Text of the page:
Craig Brandon's Clipping File

A collection of random articles, neither the best nor the worst, from my thiry years as a writer. Click on the links on the right to read them.

Two Americas

During the summer of 2010 I spent some time as an enumerator for the US Census Bureau, a job once held by one of my ancestors a century ago. It was sometimes dangerous, especially when a Tea Party activist pulled out his handgun and accused me of arriving from Washington to take his gun away. He was not impressed when I told him I was his neighbor and had not been to Washington in several years. The story at the right, outlining my observations as an amateur sociologist, was published as an op-ed in the Keene Sentinel.

Midnight in the Night Owl Cafe

As the adviser for the student newspaper at Keene State College, I spent a lot of time in the student center late at night and so could not avoid hearing the music and applause coming from the amateur night competition at the campus hot spot. After observing, I convinced my fellow members of the Keene State Today editorial board that it would make a great story. At right is the result.


The Campus Sundial

Most alumni gifts take the form of trees or plaques, so when I saw a sundial being installed on campus, I asked the workers what it was and how it worked. It turned out that it was immensely complicated and strangely out of place in an era when digital clocks were everywhere. But that turned out to be part of its charm. This was published in Keene State Today,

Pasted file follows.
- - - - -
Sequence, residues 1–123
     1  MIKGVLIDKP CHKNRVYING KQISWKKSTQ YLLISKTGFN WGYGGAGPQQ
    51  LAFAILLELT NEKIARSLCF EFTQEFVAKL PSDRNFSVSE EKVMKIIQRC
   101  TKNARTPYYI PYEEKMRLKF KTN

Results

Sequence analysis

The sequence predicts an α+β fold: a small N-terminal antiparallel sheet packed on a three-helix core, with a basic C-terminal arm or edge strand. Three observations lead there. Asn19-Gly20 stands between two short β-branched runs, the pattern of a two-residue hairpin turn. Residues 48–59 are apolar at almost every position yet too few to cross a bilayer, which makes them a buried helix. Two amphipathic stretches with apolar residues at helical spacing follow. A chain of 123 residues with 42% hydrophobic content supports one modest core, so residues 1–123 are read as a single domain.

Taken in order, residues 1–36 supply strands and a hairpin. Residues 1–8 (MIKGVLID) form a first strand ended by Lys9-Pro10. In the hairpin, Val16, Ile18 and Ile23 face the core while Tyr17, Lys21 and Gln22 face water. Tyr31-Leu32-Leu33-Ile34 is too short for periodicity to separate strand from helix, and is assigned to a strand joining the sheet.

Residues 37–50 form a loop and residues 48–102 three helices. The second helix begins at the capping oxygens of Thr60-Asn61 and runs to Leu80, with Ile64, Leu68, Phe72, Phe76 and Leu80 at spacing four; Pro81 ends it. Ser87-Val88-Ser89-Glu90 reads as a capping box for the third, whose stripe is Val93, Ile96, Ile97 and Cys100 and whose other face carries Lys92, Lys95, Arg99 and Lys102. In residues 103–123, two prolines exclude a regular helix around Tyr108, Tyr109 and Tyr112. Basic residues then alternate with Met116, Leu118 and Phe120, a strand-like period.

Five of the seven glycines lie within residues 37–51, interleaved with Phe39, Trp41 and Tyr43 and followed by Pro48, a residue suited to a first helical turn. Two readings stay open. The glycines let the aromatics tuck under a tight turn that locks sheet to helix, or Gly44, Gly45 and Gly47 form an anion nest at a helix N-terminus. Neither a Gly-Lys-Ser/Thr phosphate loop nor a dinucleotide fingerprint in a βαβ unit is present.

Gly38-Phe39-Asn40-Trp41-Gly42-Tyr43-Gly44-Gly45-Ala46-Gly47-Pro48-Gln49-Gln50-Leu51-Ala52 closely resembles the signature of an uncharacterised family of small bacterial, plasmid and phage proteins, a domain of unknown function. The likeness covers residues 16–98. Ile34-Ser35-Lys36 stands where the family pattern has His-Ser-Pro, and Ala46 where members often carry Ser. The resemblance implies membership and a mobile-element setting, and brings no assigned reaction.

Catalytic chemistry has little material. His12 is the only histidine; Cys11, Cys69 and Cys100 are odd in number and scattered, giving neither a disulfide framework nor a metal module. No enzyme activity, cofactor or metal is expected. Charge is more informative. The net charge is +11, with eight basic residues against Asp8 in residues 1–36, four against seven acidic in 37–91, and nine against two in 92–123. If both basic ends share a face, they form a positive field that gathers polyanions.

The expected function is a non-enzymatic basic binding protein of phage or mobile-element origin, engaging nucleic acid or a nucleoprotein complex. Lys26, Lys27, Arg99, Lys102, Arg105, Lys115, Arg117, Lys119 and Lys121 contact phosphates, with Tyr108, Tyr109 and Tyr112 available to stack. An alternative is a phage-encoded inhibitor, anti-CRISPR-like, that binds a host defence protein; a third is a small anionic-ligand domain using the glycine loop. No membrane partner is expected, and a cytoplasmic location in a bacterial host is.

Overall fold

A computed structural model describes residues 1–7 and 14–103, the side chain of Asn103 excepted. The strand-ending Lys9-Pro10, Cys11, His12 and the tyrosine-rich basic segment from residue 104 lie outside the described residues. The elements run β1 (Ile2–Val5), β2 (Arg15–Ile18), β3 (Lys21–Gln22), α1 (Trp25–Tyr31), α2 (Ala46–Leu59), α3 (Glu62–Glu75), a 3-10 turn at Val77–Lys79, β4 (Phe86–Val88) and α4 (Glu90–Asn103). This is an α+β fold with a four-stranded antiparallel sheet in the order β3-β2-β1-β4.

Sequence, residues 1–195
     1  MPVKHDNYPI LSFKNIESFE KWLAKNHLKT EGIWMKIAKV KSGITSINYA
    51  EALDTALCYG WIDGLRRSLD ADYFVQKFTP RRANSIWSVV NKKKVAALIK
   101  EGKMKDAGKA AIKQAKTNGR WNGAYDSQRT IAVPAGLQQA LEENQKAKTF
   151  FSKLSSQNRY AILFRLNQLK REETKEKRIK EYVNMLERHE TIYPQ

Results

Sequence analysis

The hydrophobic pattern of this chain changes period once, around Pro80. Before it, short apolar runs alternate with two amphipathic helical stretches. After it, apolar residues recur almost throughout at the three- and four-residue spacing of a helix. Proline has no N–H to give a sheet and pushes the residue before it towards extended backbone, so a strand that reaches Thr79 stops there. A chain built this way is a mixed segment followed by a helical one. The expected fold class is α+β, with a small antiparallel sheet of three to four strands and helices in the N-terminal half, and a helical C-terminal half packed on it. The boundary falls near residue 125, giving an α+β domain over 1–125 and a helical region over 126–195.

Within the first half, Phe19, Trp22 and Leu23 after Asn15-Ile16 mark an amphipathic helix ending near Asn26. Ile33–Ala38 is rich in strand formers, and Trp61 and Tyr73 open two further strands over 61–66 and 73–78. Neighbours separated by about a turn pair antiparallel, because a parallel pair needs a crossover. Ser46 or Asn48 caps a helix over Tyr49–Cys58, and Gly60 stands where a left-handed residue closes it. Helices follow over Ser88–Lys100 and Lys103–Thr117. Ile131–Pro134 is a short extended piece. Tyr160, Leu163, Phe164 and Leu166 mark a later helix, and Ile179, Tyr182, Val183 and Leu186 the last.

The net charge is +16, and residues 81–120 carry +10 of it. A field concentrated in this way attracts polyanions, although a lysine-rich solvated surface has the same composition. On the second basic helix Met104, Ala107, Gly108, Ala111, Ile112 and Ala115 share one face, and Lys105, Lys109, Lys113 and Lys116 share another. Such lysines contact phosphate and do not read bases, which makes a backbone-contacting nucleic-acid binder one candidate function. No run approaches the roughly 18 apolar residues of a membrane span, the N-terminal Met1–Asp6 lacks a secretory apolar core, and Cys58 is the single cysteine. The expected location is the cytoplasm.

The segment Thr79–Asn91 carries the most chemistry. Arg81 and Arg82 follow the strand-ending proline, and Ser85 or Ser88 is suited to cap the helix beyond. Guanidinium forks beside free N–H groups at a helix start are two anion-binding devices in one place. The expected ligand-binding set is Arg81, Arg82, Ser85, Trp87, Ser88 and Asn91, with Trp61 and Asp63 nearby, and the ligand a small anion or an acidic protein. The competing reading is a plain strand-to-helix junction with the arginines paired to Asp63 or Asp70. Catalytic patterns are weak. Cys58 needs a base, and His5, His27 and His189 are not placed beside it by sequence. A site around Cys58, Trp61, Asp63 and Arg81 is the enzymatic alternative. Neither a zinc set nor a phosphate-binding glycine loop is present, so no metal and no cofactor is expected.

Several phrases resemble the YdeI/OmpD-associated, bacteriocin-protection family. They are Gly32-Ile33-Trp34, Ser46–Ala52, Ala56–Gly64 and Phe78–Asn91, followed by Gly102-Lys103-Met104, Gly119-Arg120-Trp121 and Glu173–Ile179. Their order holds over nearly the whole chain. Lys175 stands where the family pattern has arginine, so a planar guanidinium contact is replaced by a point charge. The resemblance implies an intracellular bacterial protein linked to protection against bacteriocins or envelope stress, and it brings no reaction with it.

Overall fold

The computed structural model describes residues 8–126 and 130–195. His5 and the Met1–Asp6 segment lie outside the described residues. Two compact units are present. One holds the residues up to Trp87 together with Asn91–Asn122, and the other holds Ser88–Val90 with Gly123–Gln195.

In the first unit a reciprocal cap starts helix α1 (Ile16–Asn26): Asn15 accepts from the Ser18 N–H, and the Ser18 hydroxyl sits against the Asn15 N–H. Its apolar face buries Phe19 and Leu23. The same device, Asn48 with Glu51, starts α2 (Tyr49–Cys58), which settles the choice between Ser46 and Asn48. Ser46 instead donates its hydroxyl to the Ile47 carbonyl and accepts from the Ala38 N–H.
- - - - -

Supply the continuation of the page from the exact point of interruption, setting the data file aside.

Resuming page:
Perp Walks

Police departments and the press operate in a curious symbiotic relationship. The press needs the cops for juicy crime strories and the cops need the hacks for publicity. This creates some strange bedfellows and this story is about one of the most bizarre: perp walks. The cops escort an accused felon in a completely unnecessary trip around the block for the sole purpose of giving the news photogs a photo op. The story at the right, from Law and Order Magazine, is my attempt to tell the history and legal status of this phenomenon.


Horses Condemned to Die

I first came across this bizarre story in a Vermont newspaper. It was pretty unbelieveable that horses were to be killed because their owner had insisted on it in his will. What developed was a battle between legal purists and horse lovers that was published in Horse Illustrated.


Myth and Mystery in the Adirondacks

One of my claims to fame is that I am the world's foremost expert on the Gillette murder case of 1906, which Theodore Dreiser used as the basis for his novel An American Tragedy and later the movie "A Place in the Sun." I wrote about this in my very first book, Murder in the Adirondacks, but believe it or not, new information still appears about this very old event and Adirondack Life allowed me to write about it in the article at right.


Party Schools